Former Economic League employee confirms meetings with police, a govt minister and trade union leaders

Submitted by sglenister on Wed, 13/02/2013 - 14:02

13 February 2013

February has seen extraordinary evidence given by the Directors of Caprim to the Scottish Parliamentary Affairs Committee as part of its inquiry into blacklisting, including confirmation that the Economic League met with the police and trade union leaders to share information, and that one Conservative Minister had discussed industrial relations with an employee of the League during Thatcher's administration.

 

 

 

On February 5th, Jack Winder, former employee of the Economic League and ex-Director of Caprim (which has been suspected of blacklisting activities), spoke to the panel under oath. On Tuesday (February 12th), his colleague at both Caprim and the Economic League Stanley Hardy also gave evidence.

During his time at the Economic League, Winder confirmed that he had met with police officers to exchange information all the way up to 1994, when he formed Caprim. The League was also connected with trade union leaders, including Leif Mills, ex-General Secretary of the banking union; Eric Hammond, ex-General Secretary of the electricians union; Dennis Mills, from the midlands region of TGWU; and Kate Losinska, Former Head of the Civil and Public Services Association.

What's more, he claimed that he was invited to speak with Employment Minister Jim Prior following the election of Margaret Thatcher in 1979 and when Winder was still an employee of the Economic League. The discussion he had with the Minister centred on Winder sharing his knowledge of "far-left" political groups.

Both Winder and Hardy firmly stated that Caprim itself did not hold records on individuals and was not involved in blacklisting, however it held information and knowledge on campaigning groups and "far-left" political parties, which were seen as a threat to businesses, such as Greenpeace and the Campaign Against Arms Trade.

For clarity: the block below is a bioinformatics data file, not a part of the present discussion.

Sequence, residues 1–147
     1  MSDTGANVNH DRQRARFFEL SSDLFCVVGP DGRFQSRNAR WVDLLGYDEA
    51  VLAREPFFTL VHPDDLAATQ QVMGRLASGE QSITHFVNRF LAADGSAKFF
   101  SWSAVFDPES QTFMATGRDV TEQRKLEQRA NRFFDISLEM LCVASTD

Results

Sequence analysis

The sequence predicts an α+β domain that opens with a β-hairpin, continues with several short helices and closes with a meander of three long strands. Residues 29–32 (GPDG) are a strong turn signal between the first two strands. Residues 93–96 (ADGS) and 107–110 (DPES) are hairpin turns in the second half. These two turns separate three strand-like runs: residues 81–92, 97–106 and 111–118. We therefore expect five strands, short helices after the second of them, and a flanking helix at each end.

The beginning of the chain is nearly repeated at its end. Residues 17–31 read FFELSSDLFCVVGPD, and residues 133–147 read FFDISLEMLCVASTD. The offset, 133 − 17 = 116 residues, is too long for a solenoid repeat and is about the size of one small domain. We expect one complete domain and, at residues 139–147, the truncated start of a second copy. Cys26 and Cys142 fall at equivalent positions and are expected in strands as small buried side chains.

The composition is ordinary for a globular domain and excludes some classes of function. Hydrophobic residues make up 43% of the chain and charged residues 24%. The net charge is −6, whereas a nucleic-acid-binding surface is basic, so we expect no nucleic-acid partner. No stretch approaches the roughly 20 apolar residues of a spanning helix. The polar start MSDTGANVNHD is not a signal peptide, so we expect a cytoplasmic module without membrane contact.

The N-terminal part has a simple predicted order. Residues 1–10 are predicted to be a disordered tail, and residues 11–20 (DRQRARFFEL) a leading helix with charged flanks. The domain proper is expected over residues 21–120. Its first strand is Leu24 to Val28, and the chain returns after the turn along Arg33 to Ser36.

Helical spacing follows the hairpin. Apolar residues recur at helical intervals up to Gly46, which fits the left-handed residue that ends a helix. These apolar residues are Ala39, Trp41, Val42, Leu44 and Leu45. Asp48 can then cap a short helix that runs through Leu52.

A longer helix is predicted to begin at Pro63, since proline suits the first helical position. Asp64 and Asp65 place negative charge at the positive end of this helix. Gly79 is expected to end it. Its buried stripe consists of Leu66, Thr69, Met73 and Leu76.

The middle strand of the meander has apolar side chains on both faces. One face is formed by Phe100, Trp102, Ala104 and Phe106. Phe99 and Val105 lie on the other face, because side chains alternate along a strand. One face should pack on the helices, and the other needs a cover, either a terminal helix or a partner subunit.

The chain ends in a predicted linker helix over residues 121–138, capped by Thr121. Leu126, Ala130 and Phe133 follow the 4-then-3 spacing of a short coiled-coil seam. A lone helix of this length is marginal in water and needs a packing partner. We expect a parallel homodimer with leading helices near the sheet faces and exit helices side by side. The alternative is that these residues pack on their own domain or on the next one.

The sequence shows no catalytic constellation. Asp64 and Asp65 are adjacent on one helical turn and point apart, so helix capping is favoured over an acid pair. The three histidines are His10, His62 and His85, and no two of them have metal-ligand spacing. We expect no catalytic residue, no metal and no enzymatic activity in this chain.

The companies that bought Caprim's services included multinationals and companies in the Pharmaceutical, Arms and Agro-Chemicals industries, including some of the world's biggest names, such as Rio Tinto, JP Morgan, GlaxoSmithKline, JCB and Astrazeneca. Hardy also stated that Caprim provided information to the researchers of MPs.

Although both Winder and Hardy denied blacklisting as part of Caprim's operations, they both admitted that the company had received a £10,000 grant from Sir McAlpine not long after it had started up. This cash, they claimed, was given to them partly as a payoff to prevent them from having any contact with Ian Kerr's blacklisting operation The Consulting Association.

Furthermore, they were both heavily involved with the operations of the Economic League and Winder admitted that some of his business there included colluding in blacklisting by retaining information that could be used by others in the League to blacklist individuals. Sir Henry Saxon Tate (of Tate and Lyle sugar) became a non-executive Director of Caprim after his role as the Chair of the Economic League.

Winder attempted to explain the blacklisting of blind and disabled war veteran Syd Scroggie of Dundee, who was blacklisted after writing to a local newspaper to commend the local authority on offering the Freedom of the City to Nelson Mandela. The Anti-Apartheid movement, Winder said, was considered to be a communist organisation, and so - with the Economic League often retaining incomplete evidence - those who were seen as being tied to it may have ended up in their records.

Blacklisting is ongoing, says Caprim Director

One thing Hardy may agree on with many of our readers is that blacklisting is still ongoing. Hardy was quoted by the Blacklist Support Group as saying: "Blacklisting has operated since the pyramids. There is not a HR professional in the world that does not have a filing cabinet that says 'do not employ'". He cited the case of drivers who were TUPE transferred from Tesco to Eddie Stobart, then made redundant. They have since not been able to find work and believe themselves to have been blacklisted. Hardy said he believes this is an indication that blacklisting is indeed ongoing.

Jack Winder, however, claimed ignorance in this regard, saying he was "well and truly retired" and had no idea whether blacklisting continues.

Watch Jack Winder's evidence

Read the uncorrected evidence of Jack Winder

 

 

 

 

 

Watch Stanley Hardy's evidence

Click here to read more on blacklisting

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